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Optimizing outpatient appointment system using machine learning algorithms and scheduling rules: A prescriptive analytics framework - 2018

Author(s) Name:  Sharan Srinivas and A. Ravi Ravindran
Journal name:  Expert Systems with Applications
Conferrence name:  
Publisher name:  ELSEVIER
DOI:  10.1016/j.eswa.2018.02.022
Research Area:  Machine Learning

In the US, the demand for outpatient services is expected to increase, while the supply of physicians to provide the care is projected to decrease. Besides, inefficiencies in the appointment system (AS) and patient no-shows (patients who do not arrive for scheduled appointments) reduce provider productivity, timely access to care, and cost the U.S. healthcare system more than $150 billion a year. To handle increasing demand and compensate for patient no-shows, outpatient clinics tend to overbook appointments. The current scheduling practice at most clinics and majority of the scheduling rules proposed in the literature assume all patients are equally likely to miss an appointment. Further, most scheduling rules in the literature do not make use of the available data, such as electronic health records, when scheduling patients. This paper proposes a prescriptive analytics framework to improve the performance of an AS with respect to patient satisfaction (measured using average patient waiting time and number of patients unable to get an appointment for the day under consideration) and resource utilization (measured using average resource idle time, overflow time and overtime). In the proposed framework, patient-related data from various sources are used to develop predictive models that identify the risk of a patient no-show. Different scheduling rules, that leverage the patient-specific no-show risk is then proposed. A case study, with real data from a Family Medicine Clinic in Pennsylvania, is used to show the feasibility of the proposed framework. The effectiveness of the proposed scheduling rules is evaluated by benchmarking it with three rules adapted from the literature. The results indicate that the proposed scheduling rules consistently outperform the benchmark rules for all the clinic settings tested. Further, the proposed framework is generic and can be adopted by any outpatient clinic characterized by occurrences of no-shows and appointment-based customer arrivals.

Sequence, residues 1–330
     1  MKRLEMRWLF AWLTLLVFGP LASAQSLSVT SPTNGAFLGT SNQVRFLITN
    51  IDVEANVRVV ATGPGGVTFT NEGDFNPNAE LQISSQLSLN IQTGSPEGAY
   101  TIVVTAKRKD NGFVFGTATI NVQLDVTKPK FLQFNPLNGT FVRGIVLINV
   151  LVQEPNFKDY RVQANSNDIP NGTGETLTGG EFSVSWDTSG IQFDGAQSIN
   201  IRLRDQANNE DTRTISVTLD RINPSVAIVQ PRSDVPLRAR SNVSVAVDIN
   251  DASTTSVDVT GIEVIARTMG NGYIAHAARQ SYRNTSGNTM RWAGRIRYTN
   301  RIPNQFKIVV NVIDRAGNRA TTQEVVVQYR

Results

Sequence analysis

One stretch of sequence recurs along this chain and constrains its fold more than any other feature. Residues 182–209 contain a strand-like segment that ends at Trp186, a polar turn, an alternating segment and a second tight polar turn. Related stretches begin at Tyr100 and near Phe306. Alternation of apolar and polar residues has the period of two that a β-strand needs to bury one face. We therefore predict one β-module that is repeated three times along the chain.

Volume Information:  Volume 102, 15 July 2018, Pages 245-261
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